Box HER22 Second National Indigenous Languages Survey—key findings

There is great variety in the situations of traditional languages, but, regardless of their situation, all traditional languages are at risk of declining.

Some of the traditional languages considered to be ‘very strong’ are showing signs of decline.

Some traditional languages are gaining more speakers. Mostly, these are languages that have not been spoken for some time, but have been gradually brought back into use.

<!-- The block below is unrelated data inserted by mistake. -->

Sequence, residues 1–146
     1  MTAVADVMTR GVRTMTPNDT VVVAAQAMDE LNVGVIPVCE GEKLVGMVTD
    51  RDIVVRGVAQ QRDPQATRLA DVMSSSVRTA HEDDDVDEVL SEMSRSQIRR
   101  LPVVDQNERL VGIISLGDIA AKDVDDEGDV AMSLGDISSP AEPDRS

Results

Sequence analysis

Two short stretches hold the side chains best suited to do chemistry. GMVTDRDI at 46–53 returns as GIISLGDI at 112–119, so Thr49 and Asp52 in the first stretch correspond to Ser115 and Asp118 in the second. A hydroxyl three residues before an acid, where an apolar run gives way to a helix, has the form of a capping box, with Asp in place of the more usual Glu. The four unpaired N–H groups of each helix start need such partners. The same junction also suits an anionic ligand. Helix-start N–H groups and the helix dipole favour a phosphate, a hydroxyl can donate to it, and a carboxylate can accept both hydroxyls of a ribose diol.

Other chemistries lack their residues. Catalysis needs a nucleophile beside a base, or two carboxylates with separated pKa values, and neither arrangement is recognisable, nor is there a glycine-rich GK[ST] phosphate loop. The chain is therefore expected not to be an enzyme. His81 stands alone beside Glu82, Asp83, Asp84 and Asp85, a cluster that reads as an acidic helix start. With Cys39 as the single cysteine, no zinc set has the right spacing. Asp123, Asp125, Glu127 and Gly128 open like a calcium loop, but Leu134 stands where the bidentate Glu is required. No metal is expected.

Some traditional languages have a substantial number of full speakers and are in a stable state of vitality.

Recently developed Indigenous languages, such as Kriol and Yumplatok, have the largest speaker numbers—in the thousands.

Source: Marmion et al. (2014)

Mackay R (2016). Heritage: Box HER22 Second National Indigenous Languages Survey—key findings. In: Australia state of the environment 2016, Australian Government Department of the Environment and Energy, Canberra, https://soe.environment.gov.au/case-study/heritage/box-her22-second-national-indigenous-languages-survey-key-findings, DOI 10.4226/94/58b658bbe13a0